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What do we learn of Othello's character through an Analysis of his language?

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Introduction

What do we learn of Othello's character through an Analysis of his language? Throughout this classic tale, Shakespeare has used Othello's language and phrases to portray his emotional state during his triumphs and turmoils. The opening scene of Othello and Desdemona's secret marriage is soon invaded by the news that their matrimony is no longer a secret. Backstabbing and jealousy has lead to the priceless arrest of Othello and it is before a council explaining the apparent theft of Brabantio's daughter we first see Othello making a speech. He begins, "Most Potent, grave and reverend signiors" to flatter the council before he puts forward his argument. Using adjectives and imagery he has to find a way for his audience to favour him. The exaggerated words, "Most" and "My very noble" communicate his politeness to reveal his well-mannered qualities. Such vocabulary conveys the image of a lawyer yet he declares, "Rude I am in my speech" indicating that he is a soldier not a statesman. The soldier-like qualities such as authority, innocence and balance are emphasised, almost boasted by the repetition of, "true" in, "It is most true; true I have married her". Othello has used stereotypical images of a noble warrior, "Fearless and confidant" and the, "broils and battles" he has faced to exaggerate that he is still a strong warrior. ...read more.

Middle

Iago has set out a trap for his victim to fall into. As Othello's status lowers he uses religious imagery, "Chaos has come again" portraying how his degraded status has lead him to think that Satan's face is starting to show. As Iago repeats words or phrases from Othello they both start to share the iambic pentameter again, Othello: "What dost thou think?" Iago: "Think, my lord!" but Othello finally loses his control, "By heaven, he echoes me". It is unusual for Othello to lose his temper, as it is evident that he remained calm when Brabantio accused Desdemona of being a witch. Iago has achieved the first part of his plan. Othello's words carry much irony, "as if there were some monster in his thoughts" and are also true but Iago only knows this as a previous speech made by him revealed his plan and his thoughts were devilish, "Hell and night must bring this monstrous birth to light". Iago tends to complete gaps in Othello's thoughts and we can see emerging again how Othello follows Iagos' lead "Would be what they seem" and "Should be what they seem". By doing so Iago uses the break in the iambic pentameter to reduce any feeling of security that Othello has left behind. ...read more.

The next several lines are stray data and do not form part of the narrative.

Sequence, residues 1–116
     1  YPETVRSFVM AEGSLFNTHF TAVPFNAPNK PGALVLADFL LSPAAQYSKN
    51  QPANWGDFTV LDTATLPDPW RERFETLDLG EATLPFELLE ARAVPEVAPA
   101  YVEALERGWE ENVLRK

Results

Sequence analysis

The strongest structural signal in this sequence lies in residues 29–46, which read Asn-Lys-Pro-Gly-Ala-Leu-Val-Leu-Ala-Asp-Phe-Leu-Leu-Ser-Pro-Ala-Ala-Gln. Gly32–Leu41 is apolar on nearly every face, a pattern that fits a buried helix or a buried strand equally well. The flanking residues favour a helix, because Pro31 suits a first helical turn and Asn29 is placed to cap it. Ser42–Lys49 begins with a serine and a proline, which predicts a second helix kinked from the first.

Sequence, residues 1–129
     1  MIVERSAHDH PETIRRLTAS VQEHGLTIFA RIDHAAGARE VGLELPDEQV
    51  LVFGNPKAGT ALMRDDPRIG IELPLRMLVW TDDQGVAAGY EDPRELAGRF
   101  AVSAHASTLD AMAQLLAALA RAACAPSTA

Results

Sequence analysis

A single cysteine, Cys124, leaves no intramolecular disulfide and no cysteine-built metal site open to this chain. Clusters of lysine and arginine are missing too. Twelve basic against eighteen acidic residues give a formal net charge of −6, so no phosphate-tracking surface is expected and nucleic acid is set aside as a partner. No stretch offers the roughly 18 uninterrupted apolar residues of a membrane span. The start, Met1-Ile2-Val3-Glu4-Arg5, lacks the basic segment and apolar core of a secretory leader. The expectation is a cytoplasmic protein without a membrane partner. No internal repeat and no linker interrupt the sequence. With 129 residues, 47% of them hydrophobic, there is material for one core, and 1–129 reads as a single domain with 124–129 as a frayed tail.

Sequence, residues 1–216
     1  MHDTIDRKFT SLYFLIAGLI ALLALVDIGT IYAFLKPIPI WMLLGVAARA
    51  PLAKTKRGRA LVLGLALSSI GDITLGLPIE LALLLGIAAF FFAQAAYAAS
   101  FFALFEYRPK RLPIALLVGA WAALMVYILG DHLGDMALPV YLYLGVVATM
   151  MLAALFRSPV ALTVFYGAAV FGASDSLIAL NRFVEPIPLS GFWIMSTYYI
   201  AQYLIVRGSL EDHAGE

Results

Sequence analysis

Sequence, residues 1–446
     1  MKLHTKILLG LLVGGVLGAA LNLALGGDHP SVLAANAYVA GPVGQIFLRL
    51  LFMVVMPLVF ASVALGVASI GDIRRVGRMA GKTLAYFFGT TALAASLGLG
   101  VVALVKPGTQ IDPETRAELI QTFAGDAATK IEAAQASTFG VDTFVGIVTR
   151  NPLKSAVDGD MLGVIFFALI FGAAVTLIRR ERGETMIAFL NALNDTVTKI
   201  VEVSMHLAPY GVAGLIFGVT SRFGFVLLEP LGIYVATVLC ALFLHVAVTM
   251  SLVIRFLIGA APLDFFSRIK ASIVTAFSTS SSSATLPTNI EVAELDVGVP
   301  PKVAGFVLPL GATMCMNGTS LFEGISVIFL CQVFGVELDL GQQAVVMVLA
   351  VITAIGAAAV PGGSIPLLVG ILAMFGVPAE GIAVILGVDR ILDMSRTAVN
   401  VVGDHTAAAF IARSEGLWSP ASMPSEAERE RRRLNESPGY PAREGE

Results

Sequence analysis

Conclusion

This may refer to her eyes and, in the process shutting them. Her light. This imagery is represented by the use of the Greek myth "Promethean Heath" also meaning light. Othello realises that there is no turning back. Her body is now lifeless and soon he tries to convince himself that he has served justice, "plucked thy rose". However much Othello's sentences are restored to their original standard the madness of killing without trial has proved Othello's mind frame is still in the hands of Iago. In his last speech Othello successfully deludes his audience into assuming that he is the hero in his original status once more, "and smote him thus". Convinced that Desdemona is, "a pearl he threw away", a pure woman for the last time he has reclaimed his love for her. The use of his vocabulary contains many adjectives, "malignant" and "circumcised". Such a varied use of adjectives produces an image of a master storyteller. This is ironic as the master storyteller was the exact thing that drew Desdemona towards Othello. As the audience assumes a grand story is about to be told once again judging from the imagery and strength of vocabulary he uses, the real feelings of depression and guilt is hidden. Using actions to convey his story he administers the coup de gr�ce by stabbing himself and watched by an unsuspicious audience, "and smote him thus". Krupa Patel ...read more.

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